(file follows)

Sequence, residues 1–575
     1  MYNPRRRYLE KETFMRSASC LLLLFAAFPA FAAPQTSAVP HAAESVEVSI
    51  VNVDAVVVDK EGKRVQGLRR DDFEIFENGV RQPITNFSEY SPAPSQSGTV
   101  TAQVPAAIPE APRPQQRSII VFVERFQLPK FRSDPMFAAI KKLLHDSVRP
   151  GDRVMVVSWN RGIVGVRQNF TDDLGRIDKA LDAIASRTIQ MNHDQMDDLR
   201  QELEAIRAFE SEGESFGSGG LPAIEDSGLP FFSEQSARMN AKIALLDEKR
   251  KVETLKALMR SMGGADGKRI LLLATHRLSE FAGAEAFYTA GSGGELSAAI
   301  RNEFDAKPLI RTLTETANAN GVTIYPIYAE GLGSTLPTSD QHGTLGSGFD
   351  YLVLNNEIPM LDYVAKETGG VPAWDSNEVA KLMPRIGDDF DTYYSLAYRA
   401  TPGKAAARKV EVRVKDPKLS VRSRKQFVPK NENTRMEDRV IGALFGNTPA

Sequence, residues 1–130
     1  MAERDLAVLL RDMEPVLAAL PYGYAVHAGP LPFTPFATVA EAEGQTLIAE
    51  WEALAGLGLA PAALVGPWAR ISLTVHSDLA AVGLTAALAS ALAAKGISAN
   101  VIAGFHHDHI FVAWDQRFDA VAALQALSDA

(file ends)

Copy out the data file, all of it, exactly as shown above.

Sequence, residues 1–575
     1  MYNPRRRYLE KETFMRSASC LLLLFAAFPA FAAPQTSAVP HAAESVEVSI
    51  VNVDAVVVDK EGKRVQGLRR DDFEIFENGV RQPITNFSEY SPAPSQSGTV
   101  TAQVPAAIPE APRPQQRSII VFVERFQLPK FRSDPMFAAI KKLLHDSVRP
   151  GDRVMVVSWN RGIVGVRQNF TDDLGRIDKA LDAIASRTIQ MNHDQMDDLR
   201  QELEAIRAFE SEGESFGSGG LPAIEDSGLP FFSEQSARMN AKIALLDEKR
   251  KVETLKALMR SMGGADGKRI LLLATHRLSE FAGAEAFYTA GSGGELSAAI
   301  RNEFDAKPLI RTLTETANAN GVTIYPIYAE GLGSTLPTSD QHGTLGSGFD
   351  YLVLNNEIPM LDYVAKETGG VPAWDSNEVA KLMPRIGDDF DTYYSLAYRA
   401  TPGKAAARKV EVRVKDPKLS VRSRKQFVPK NENTRMEDRV IGALFGNTPA

Sequence, residues 1–130
     1  MAERDLAVLL RDMEPVLAAL PYGYAVHAGP LPFTPFATVA EAEGQTLIAE
    51  WEALAGLGLA PAALVGPWAR ISLTVHSDLA AVGLTAALAS ALAAKGISAN
   101  VIAGFHHDHI FVAWDQRFDA VAALQALSDA